Just months after GlaxoSmithKline’s malaria vaccine Mosquirix was given an EMA green light last July, it suffered a setback at the WHO, which recommended that the vaccine be examined in pilot programs before introduction through large immunization campaigns. Now, international vaccine alliance Gavi is stepping in with conditional funding to help the upcoming real-world programs get underway.
Gavi’s board will provide $27.5 million for the studies, but there’s a catch: the alliance is requiring that other agencies step up and match the funding before it kicks in. If granted, the money will help researchers determine how effective the four-dose vaccine would be in Africa, where the WHO is putting the finishing touches on three such pilot studies, Gavi said.
Also known as RTS,S, GlaxoSmithKline’s ($GSK) malaria vaccine is seen as imperfect due to its 39% efficacy that wanes over time. But the vaccine could play a lifesaving part in battling the deadly disease, one that experts say needs to be measured in a real-world setting. Mosquirix could save one life out of every 200 children immunized, according to models cited by Gavi.
Part of the need for the programs is the fact that three Mosquirix doses will be given outside of the typical childhood immunization schedule, the alliance added in its statement.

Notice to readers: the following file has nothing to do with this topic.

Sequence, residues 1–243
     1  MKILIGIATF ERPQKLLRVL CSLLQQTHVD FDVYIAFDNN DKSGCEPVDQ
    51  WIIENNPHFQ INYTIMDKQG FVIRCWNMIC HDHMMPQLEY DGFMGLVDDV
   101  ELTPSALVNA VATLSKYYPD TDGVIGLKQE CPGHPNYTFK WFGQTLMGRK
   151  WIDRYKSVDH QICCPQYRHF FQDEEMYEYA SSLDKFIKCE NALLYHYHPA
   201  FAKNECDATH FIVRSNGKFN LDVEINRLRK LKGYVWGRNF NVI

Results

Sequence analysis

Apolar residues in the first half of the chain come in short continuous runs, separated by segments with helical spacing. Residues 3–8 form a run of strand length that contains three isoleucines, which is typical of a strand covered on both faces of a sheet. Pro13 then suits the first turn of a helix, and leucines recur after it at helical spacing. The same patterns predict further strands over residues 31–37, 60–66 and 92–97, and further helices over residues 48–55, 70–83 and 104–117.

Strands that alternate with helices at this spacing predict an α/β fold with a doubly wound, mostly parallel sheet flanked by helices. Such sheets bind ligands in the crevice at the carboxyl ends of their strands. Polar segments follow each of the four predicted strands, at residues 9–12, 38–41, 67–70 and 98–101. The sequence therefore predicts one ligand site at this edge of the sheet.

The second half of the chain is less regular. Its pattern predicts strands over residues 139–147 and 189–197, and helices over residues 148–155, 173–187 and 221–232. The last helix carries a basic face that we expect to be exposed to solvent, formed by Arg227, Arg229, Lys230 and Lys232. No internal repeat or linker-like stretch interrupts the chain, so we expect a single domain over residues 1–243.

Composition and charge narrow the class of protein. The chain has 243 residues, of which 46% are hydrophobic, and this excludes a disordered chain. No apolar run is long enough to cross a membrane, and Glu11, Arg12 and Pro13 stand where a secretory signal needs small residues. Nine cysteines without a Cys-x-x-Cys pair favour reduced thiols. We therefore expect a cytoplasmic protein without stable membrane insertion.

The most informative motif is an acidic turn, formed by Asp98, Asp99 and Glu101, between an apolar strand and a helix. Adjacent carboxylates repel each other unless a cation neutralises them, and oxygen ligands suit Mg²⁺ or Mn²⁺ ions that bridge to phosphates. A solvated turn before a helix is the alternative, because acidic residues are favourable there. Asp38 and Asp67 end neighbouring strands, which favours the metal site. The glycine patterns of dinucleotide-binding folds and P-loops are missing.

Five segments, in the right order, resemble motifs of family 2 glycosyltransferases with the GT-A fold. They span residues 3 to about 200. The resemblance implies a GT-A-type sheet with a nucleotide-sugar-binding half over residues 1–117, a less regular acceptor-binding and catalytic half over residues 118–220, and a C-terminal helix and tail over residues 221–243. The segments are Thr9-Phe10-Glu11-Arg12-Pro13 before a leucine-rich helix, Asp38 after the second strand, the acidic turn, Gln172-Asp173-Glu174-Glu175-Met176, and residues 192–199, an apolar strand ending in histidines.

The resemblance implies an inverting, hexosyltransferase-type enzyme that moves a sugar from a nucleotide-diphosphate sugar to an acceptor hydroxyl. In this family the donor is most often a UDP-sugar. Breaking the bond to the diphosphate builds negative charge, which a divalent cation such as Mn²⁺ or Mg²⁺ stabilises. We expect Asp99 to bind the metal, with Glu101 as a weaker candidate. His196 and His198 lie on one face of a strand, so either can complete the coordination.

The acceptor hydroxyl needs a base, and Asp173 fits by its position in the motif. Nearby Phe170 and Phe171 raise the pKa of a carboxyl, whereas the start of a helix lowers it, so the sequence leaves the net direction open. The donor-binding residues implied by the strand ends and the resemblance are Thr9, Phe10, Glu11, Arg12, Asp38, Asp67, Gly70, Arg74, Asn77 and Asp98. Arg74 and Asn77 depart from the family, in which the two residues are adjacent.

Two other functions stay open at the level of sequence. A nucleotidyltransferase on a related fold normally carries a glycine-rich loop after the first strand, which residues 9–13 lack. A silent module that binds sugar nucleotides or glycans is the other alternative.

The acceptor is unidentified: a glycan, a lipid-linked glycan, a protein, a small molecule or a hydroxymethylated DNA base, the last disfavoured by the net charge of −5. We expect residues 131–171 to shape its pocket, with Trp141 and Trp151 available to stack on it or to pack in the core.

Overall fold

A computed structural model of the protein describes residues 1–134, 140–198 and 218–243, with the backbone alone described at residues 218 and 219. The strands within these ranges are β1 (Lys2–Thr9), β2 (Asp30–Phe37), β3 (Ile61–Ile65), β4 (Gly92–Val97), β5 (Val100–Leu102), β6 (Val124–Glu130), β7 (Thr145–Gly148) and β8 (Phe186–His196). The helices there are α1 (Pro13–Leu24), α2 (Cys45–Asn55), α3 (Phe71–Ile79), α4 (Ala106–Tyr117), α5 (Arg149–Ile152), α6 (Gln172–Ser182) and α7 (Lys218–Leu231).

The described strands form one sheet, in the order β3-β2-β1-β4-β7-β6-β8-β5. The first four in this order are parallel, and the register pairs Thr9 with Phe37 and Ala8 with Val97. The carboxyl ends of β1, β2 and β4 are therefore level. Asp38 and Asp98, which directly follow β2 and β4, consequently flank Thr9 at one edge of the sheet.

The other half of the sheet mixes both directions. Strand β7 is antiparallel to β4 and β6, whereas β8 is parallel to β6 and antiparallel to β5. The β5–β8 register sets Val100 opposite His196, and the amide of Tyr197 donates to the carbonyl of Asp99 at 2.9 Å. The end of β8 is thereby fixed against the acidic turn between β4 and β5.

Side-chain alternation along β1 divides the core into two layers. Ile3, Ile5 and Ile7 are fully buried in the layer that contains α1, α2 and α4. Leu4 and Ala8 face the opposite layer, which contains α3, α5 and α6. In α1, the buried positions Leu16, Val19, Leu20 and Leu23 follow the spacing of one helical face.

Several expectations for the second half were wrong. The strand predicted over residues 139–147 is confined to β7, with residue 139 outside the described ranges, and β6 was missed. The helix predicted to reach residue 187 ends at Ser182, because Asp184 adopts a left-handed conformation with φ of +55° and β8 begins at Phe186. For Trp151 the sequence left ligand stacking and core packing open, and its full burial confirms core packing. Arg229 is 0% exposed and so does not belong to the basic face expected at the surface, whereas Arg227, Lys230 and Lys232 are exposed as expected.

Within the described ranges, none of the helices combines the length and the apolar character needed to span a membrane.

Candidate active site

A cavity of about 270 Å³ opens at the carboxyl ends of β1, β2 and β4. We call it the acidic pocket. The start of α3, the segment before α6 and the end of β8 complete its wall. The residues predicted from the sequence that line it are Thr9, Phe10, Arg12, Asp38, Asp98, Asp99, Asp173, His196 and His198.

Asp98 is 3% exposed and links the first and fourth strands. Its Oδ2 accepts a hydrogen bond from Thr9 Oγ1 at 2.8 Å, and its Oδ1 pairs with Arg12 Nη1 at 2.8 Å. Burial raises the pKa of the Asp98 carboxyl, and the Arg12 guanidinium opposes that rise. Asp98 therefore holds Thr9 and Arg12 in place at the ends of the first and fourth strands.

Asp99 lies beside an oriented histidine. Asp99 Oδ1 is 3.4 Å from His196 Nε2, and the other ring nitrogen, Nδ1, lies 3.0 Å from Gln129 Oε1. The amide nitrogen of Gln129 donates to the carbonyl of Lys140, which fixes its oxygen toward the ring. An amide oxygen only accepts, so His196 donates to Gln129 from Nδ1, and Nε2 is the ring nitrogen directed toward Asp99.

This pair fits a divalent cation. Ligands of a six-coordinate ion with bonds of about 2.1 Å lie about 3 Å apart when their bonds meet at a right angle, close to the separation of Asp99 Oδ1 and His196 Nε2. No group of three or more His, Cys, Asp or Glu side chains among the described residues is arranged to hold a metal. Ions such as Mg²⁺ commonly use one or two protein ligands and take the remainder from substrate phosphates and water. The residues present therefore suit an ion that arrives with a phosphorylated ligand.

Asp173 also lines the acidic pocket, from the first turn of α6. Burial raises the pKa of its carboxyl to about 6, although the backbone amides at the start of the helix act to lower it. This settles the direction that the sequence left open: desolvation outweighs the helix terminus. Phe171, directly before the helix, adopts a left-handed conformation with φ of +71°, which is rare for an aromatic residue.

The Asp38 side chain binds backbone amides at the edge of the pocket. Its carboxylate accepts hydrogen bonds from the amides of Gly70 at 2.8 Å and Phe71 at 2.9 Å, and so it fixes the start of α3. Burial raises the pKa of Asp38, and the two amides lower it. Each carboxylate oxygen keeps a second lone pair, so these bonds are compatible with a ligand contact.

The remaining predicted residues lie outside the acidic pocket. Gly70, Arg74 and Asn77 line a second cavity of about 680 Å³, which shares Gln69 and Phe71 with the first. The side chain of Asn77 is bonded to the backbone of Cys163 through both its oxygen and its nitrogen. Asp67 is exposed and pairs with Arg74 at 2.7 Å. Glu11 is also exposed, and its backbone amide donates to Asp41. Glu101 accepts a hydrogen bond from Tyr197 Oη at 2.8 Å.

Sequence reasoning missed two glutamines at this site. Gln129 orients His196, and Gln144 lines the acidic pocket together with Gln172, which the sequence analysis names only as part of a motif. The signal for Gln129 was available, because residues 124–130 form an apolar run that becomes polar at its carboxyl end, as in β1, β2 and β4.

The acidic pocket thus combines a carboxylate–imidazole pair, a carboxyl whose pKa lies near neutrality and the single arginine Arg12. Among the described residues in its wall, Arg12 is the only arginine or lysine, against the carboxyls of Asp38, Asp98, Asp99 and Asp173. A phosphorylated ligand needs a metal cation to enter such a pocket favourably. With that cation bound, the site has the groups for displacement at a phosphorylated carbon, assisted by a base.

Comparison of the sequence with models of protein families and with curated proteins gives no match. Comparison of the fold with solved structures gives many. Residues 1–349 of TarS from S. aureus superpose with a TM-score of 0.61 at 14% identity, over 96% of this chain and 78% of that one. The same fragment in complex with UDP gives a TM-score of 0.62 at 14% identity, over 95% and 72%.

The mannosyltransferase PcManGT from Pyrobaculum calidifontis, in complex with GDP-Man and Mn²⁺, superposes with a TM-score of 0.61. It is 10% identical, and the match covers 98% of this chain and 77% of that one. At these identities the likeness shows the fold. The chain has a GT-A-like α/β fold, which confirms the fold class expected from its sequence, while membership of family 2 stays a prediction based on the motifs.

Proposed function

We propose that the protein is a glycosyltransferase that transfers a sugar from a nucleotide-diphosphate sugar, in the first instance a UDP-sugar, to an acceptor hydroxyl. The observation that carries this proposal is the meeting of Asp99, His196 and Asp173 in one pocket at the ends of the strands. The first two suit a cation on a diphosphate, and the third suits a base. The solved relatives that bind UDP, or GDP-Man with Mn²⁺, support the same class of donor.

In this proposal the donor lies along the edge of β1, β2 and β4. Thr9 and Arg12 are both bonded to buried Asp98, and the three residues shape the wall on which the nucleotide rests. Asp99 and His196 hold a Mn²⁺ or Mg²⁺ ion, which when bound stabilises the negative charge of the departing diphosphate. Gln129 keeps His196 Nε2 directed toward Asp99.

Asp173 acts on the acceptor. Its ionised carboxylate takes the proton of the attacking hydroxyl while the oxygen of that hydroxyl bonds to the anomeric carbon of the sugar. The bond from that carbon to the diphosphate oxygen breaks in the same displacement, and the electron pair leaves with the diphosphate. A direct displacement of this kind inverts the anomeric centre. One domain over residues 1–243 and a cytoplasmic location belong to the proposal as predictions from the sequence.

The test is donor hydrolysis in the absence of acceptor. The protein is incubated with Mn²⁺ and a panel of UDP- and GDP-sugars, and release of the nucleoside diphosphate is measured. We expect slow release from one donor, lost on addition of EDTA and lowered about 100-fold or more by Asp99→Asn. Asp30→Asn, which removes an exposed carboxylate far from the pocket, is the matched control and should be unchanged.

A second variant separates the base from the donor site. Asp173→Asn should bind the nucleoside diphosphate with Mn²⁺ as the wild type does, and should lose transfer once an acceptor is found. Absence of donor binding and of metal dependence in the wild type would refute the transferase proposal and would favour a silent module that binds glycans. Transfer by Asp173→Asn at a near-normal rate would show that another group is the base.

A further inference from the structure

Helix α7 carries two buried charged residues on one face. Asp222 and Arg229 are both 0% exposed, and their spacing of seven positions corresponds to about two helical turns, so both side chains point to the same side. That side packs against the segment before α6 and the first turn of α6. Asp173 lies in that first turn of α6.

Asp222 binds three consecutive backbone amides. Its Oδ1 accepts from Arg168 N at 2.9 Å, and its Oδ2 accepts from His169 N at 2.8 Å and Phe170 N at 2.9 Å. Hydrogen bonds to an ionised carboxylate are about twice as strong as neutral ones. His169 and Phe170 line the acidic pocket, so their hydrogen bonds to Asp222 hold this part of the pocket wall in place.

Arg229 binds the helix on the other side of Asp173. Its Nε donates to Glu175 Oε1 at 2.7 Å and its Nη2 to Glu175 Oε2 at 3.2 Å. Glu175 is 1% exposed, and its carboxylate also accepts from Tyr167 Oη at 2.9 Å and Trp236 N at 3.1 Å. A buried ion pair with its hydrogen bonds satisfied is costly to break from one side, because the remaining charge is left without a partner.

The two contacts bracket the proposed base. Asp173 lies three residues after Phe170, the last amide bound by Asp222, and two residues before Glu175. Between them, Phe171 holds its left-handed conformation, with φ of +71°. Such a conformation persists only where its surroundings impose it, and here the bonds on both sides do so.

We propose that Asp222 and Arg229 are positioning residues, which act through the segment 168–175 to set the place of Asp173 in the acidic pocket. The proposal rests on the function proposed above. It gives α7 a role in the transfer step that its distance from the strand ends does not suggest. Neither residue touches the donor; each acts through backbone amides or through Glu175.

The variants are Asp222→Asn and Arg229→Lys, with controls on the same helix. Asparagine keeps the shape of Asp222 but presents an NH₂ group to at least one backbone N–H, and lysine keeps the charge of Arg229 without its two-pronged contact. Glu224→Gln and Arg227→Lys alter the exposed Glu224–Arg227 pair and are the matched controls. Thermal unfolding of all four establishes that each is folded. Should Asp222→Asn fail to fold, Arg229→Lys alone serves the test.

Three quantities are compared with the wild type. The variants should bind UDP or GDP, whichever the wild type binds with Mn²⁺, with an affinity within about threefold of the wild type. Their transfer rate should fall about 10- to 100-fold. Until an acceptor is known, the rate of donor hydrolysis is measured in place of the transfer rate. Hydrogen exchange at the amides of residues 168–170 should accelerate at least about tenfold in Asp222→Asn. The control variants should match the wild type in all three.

“For decades, a malaria vaccine has been one of the holy grails of modern medicine,” Dr. Pedro Alonso, director of the WHO Global Malaria Programme, said in a statement. “Gavi’s pledge will help us fund the pilot deployment of a first-generation malaria vaccine that has the potential to save tens of thousands of lives in Africa.”
Gavi’s funding decision comes just one month following the publication of a Lancet paper by WHO experts calling for more vaccine implementation testing as part of the vaccine R&D process. Although the tests require “substantial upfront costs” they are worth it due to long-term cost savings, the group said, adding that they should be combined with safety and efficacy testing to form three components of vaccine development.
In Mosquirix’s case, the WHO experts said at the time that GSK has agreed to donate pilot test doses.
- here’s Gavi’s release